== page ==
Ian Hannam, formerly one of JPMorgan Chase & Co. (JPM)’s top merger advisers, said the bank cleared him in an internal investigation before the U.K. finance regulator fined him for disclosing inside information.
“JPMorgan believed that I had not done market abuse,” Hannam testified at a London court today, where he is fighting the 450,000-pound ($687,000) fine. “They carried out this very serious investigation and I assure you that if they had found I had” broken any regulatory rules, “I would not have been an employee there.”
Two e-mail messages form the basis of a proposed civil market-abuse fine against Hannam by the U.K. Financial Conduct Authority, which considers the content insider information. Hannam, formerly JPMorgan’s global chairman of equity capital markets, said the notes were in the “best interest” of his client, Heritage Oil Plc (HOIL), and is challenging the sanction at a court hearing at the Upper Tribunal in London that started yesterday.
Hannam, who resigned from the New York-based bank after the fine, is one of the highest-profile finance workers the regulator has targeted. Hannam was among the bankers advising Xstrata Plc before it was acquired by Glencore International Plc. (GLEN)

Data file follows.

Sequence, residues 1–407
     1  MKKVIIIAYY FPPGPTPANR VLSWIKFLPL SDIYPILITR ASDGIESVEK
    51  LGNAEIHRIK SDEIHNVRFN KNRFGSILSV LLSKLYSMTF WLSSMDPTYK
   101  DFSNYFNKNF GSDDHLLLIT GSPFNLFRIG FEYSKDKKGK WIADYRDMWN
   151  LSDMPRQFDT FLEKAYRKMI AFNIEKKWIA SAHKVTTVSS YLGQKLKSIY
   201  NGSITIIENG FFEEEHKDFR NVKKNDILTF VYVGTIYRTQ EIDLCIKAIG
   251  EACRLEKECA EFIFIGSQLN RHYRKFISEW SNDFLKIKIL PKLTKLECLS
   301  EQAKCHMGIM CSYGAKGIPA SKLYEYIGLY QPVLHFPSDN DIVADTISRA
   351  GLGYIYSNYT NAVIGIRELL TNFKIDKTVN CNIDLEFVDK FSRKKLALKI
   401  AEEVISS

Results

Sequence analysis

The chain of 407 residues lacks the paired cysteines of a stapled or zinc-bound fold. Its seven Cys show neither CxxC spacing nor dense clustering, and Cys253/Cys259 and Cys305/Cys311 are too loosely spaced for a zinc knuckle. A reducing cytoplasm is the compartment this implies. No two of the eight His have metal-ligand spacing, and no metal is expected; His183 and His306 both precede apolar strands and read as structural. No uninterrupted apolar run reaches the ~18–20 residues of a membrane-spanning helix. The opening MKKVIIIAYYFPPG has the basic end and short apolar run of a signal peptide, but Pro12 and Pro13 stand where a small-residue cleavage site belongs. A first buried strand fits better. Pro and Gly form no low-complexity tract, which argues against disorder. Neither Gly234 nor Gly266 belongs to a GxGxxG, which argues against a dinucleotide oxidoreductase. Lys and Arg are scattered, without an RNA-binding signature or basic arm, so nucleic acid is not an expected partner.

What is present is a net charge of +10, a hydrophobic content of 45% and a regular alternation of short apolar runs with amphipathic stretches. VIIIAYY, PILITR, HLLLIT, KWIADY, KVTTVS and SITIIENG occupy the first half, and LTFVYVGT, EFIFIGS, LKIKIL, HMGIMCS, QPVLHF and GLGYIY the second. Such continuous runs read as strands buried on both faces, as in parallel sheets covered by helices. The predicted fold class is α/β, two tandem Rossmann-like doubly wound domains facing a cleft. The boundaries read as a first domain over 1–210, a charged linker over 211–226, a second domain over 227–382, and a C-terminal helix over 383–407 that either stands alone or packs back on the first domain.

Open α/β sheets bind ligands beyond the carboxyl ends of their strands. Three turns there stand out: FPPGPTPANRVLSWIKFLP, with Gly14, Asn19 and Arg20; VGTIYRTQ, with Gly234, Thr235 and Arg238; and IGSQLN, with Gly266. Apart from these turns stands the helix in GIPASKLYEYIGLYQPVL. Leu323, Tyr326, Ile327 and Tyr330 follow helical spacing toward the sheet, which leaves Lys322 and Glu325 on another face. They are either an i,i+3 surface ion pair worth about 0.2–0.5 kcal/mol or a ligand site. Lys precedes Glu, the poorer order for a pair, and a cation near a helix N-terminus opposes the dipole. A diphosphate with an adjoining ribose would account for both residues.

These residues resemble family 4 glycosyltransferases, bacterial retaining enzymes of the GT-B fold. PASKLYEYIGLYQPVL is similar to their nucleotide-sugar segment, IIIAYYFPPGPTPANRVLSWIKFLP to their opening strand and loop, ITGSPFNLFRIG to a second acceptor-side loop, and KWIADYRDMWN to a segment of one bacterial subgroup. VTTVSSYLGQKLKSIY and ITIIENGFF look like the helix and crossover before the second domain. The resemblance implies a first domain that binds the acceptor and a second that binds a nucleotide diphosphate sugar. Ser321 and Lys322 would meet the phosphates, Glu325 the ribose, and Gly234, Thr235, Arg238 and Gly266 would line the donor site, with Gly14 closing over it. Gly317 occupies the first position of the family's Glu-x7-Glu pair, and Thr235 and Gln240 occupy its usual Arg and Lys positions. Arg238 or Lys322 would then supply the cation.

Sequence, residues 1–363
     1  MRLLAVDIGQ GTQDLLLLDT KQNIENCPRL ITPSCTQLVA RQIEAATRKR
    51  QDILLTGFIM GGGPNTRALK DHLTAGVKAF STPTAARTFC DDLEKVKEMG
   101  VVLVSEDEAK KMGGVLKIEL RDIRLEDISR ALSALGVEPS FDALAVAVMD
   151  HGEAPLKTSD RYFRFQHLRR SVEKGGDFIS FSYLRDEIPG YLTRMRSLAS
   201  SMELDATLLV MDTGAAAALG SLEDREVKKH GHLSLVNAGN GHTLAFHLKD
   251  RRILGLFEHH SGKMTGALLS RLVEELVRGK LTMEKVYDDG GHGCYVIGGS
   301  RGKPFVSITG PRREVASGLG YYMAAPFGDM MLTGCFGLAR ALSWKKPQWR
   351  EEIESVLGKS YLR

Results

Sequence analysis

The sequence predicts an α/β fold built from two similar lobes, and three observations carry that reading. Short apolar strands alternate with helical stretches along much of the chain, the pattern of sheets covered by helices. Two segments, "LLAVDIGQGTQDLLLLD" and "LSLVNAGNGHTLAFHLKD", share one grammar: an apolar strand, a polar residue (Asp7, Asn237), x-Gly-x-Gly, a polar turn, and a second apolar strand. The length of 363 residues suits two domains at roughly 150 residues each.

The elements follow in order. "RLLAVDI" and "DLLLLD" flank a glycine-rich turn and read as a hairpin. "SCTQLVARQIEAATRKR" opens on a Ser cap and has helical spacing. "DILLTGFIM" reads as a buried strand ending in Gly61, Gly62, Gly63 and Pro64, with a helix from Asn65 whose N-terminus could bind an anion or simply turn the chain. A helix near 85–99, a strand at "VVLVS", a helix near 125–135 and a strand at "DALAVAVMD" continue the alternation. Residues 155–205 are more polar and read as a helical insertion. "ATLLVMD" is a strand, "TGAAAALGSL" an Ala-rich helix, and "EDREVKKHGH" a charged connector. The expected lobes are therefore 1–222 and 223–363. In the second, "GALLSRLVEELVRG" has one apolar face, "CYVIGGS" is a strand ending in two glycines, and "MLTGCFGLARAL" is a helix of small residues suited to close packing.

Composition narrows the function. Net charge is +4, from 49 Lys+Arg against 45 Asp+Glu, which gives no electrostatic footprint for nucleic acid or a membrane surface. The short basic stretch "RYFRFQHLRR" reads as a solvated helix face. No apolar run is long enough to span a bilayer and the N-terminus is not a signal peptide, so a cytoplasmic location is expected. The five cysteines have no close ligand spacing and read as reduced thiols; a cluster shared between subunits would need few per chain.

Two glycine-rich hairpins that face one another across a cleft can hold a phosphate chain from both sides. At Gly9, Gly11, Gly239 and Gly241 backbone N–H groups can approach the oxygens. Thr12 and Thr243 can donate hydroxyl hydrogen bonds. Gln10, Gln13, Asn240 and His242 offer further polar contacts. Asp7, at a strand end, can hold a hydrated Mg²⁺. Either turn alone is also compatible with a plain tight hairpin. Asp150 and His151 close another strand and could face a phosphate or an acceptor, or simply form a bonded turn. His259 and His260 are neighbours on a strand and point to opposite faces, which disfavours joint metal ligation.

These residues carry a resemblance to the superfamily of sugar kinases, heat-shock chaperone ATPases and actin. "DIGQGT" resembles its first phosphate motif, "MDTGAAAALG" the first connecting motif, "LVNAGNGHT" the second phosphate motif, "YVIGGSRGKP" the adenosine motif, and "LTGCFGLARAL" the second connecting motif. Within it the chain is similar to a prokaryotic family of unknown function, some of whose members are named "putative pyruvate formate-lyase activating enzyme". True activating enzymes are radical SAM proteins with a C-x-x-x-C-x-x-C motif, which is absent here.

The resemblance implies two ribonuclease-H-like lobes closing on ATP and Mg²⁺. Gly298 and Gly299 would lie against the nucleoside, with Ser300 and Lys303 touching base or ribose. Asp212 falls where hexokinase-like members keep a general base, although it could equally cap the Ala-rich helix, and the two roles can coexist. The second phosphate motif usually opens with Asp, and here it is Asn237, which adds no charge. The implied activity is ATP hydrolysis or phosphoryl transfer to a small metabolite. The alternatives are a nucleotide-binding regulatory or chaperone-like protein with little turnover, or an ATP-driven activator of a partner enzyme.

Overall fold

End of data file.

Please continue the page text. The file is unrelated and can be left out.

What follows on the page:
“I particularly enjoyed working for JPMorgan,” Hannam said. “I would probably still be at JPMorgan.”
Hannam, Heritage CEO Tony Buckingham and Chief Financial Officer Paul Atherton are scheduled to testify at the trial, which could last as long as two weeks.
Hannam, a former soldier, graduated from Imperial College London and London Business School, and trained at Salomon Brothers. In 1992, he joined Robert Fleming & Co., which was bought by Chase Manhattan in 2000. Four years later, he helped to set up JPMorgan’s joint venture with London-based Cazenove Group Ltd.
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